REVIEW: AS LIONS – “Selfish Age”
As Lions’ studio debut, ‘Selfish Age’, is an album which has been in the making for a while now. Ever since the band’s surprising formation after the very public downfall of its predecessor, Rise to Remain, in January 2015, fans of Austin Dickinson and co. have been pining for their first full-length taste of this new melodic rock outfit. And even though there were hints in the form of the single “The Fall”, tours supporting the likes of Trivium, Five Finger Death Punch and Shinedown as well as, most recently, October’s ‘Aftermath’ EP, it isn’t until the first weeks of 2017 that eager fans will finally become aware of what the quintet is capable of.
Or at least, that’s the theory, since the main problem with ‘Selfish Age’ amasses even as you just take a quick gander at the track listing: of the 11 songs on this album, five of them have already been released. The previously stand-alone “The Fall” returns towards the end of the record, while “Aftermath”, “Deathless”, “White Flags” and “World on Fire” are all ripped directly from the Aftermath EP. As much as it can be appreciated that this debut album is intended to introduce a much wider audience to As Lions, it must be said that expecting die-hard followers to pay for an album that they have already heard half of is at least somewhat shady.
But, questionable track listing aside, does ‘Selfish Age’ actually function as a full-length debut? Well, that honestly depends upon what the listener is after. Anyone who has heard even one As Lions song knows what they’re going to be in store for: an abundance of soaring, melodic choruses and catchy, driven hooks. It’s safe to say that diversity is not Selfish Age’s forte, with most of this record following this formula, with the exception of one or two emotive, piano-led verses on “Bury My Dead” and “World on Fire”. But other than that, very little about this record will be surprising to established fans. So, if the listener has that preconception in mind before experiencing Selfish Age, they will probably find a great deal of this enjoyable and just, simply, fun. But if anybody out there is expecting a new, never-before-heard style of hard rock that will reinvent the wheel, they will not find it. Musically, this album can probably be likened to a Pixar film: everyone with half a brain knows what to expect and what’s going to happen, but it is the charisma and likeability of its individual parts that pulls them through.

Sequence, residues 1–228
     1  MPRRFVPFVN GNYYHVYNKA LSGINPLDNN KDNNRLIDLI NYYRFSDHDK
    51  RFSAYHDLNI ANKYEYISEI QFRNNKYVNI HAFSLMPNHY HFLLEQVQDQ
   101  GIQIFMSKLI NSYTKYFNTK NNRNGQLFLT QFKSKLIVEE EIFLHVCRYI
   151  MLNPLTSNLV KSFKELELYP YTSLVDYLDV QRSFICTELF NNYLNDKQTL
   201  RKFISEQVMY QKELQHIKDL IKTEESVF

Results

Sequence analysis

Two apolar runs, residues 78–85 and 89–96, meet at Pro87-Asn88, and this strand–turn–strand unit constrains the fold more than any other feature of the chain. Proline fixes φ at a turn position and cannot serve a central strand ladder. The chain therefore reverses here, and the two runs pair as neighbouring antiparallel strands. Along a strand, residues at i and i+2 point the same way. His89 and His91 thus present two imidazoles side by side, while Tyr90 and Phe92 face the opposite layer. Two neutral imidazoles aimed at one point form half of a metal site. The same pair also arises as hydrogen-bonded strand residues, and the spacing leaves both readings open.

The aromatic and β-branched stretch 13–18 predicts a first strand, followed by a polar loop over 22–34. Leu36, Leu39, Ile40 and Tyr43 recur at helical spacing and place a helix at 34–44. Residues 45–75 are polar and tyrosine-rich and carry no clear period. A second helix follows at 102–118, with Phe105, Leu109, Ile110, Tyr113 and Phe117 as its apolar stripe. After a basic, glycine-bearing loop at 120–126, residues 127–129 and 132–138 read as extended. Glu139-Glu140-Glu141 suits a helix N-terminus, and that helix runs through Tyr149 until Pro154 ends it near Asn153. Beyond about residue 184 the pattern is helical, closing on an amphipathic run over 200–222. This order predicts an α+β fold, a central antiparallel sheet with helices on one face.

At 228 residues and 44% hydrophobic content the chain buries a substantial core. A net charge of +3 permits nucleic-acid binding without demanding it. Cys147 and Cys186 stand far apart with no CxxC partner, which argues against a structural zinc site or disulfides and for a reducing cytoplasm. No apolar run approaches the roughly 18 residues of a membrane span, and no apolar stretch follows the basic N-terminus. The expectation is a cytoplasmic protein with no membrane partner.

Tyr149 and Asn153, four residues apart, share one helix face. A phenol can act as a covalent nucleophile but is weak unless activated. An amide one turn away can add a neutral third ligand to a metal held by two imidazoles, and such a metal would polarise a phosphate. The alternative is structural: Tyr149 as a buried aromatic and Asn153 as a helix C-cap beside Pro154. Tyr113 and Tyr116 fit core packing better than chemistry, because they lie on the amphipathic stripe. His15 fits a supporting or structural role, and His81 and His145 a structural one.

Because yes, there is a great deal to like about ‘Selfish Age’. Frontman Austin Dickinson lays down a pitch perfect vocal performance, ditching the screams of his Rise to Remain days in favour of an entirely clean delivery. And with the power of his pipes as he hits impassioned wails on cuts like “White Flags”, it is very easy to see why. Furthermore, the songwriting of the album gives it something of an edge, with entries like the title track, “Aftermath” and “World on Fire” clearly having a blatant, socio-political edge. While the anti-war and anti-media saturation sentiments are far from revolutionary, they do showcase a lyrical maturity and overt honesty from the band that is, honestly, missing in the modern melodic rock scene.
So, overall, what’s the final takeaway from Selfish Age? Truthfully, the album would be infinitely more enjoyable if it was just a six-track EP, cutting out the tracks that fans have heard before. The repetition of songs that have already been released feels needless and even lazy, coming across as a desperate attempt to pad out the running time to 40 minutes. Whether the band or their label is to blame for this choice is a mystery, yet what new material is present on the record is actually quite promising. While it may be the polar opposite of progressive, it is plain, simple fun that is, above all, honest and true to what As Lions wants to be. It would have been so easy for the former members of Rise to Remain to band together and try to remake Rise to Remain, but they used the opportunity to reinvent themselves and ask “What do we want to do?”, instead of “What do the fans want us to do?” This album is a risk and, apart from the rehashing of old Rise to Remain material, it seems to pay off.